Morihiro Hayashida (email@example.com)
Nobuhisa Ueda (firstname.lastname@example.org)
Tatsuya Akutsu (email@example.com)
Bioinformatics Center, Institute for Chemical Research, Kyoto University, Gokasho, Uji 611-0011, Japan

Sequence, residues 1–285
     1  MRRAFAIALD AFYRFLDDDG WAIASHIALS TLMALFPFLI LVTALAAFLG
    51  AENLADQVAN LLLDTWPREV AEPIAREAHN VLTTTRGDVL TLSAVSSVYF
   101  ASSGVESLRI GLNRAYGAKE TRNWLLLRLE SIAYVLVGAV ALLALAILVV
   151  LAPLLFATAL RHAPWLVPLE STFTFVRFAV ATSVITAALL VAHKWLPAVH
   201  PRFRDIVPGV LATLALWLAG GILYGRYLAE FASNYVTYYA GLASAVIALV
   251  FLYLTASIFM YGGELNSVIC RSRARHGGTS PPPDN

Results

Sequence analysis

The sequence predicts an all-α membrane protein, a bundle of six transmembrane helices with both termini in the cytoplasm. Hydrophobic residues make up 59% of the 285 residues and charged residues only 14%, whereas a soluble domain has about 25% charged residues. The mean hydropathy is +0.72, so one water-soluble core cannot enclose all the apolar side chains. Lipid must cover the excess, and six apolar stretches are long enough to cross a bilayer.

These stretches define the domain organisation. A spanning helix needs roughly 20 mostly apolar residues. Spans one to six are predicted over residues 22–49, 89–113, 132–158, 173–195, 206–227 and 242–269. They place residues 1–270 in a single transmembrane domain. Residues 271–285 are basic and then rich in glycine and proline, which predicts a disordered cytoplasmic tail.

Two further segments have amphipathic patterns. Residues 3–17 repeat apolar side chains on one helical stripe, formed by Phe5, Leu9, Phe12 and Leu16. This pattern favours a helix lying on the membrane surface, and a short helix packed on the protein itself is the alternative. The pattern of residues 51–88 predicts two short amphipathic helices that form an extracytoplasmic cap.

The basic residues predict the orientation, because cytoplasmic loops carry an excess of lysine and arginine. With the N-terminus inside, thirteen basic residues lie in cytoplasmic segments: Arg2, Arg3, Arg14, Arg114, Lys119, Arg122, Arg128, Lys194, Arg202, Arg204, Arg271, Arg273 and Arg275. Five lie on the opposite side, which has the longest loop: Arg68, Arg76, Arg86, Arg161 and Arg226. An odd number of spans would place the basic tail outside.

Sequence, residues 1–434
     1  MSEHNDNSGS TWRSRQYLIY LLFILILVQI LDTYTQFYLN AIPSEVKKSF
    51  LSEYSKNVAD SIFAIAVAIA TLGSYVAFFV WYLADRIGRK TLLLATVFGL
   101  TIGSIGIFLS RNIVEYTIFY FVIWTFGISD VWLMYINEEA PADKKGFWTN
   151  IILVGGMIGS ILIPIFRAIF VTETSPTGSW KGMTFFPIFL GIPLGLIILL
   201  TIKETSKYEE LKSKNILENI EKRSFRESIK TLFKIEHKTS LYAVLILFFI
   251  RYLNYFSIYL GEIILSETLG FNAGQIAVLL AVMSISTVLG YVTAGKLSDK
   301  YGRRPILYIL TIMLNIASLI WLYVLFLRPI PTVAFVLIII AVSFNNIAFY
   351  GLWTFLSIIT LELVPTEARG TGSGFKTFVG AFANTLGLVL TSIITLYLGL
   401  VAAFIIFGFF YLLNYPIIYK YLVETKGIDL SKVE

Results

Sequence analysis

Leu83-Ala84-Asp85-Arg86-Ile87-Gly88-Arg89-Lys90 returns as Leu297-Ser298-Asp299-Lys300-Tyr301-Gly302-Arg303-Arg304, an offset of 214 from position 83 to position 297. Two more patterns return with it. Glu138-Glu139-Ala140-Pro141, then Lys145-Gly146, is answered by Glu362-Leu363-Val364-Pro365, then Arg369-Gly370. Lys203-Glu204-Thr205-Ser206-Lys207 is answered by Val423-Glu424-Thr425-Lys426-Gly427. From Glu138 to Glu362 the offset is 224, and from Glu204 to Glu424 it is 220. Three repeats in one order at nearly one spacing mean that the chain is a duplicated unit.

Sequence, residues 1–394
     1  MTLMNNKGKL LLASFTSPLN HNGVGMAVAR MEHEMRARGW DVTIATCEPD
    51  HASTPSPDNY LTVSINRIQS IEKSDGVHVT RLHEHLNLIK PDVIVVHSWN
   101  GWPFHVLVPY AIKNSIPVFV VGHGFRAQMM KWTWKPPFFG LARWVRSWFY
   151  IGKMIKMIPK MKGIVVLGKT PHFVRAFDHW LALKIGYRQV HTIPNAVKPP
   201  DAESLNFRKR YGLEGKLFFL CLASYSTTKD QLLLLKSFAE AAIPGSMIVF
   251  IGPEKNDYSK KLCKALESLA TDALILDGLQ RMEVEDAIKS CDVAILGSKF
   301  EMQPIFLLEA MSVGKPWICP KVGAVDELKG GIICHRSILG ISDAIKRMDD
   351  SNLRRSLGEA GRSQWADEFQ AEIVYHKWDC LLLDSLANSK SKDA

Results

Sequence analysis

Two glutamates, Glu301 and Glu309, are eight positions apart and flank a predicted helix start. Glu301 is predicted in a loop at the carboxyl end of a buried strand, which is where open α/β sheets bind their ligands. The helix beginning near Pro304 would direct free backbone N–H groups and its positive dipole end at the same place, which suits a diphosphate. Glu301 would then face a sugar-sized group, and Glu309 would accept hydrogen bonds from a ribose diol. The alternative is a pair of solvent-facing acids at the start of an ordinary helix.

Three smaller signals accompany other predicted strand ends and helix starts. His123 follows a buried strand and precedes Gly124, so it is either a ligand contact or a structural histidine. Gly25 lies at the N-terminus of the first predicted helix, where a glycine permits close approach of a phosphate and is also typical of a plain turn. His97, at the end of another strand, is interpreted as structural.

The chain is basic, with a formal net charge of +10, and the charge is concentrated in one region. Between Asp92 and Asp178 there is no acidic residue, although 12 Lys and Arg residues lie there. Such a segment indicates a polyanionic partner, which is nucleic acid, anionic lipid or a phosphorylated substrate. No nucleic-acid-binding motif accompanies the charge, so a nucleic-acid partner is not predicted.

Various computational methods have been proposed for inference of protein-protein interactions since protein-protein interaction plays an essential role in many cellular processes. One of well-studied approaches is to infer protein-protein interactions based on domain-domain interactions. To extend this approach, we proposed a method called LPNM to infer ratios of interactions, which outperformed other existing methods in terms of error of predicted ratios. However, since the LPNM method is based on the linear programming approach, it may require a large amount of time to infer interactions for a large data set. In this paper, we propose a simple method to infer the ratios of protein-protein interactions based on the association method by Sprinzak et al. In an experiment with a data set of protein-protein interactions in yeast, it runs more than 150 times as fast as the LPNM method, and achieves almost the same accuracy. On implementing algorithms for the inference problem, it is essential to understand how difficult the problem is. Even though various methods for the problem have been already proposed, it has not been analyzed rigorously from a computational point of view. We hence define a problem to maximize correctly classified examples, and prove the problem is MAX SNP-hard, which also means the problem is NP-hard.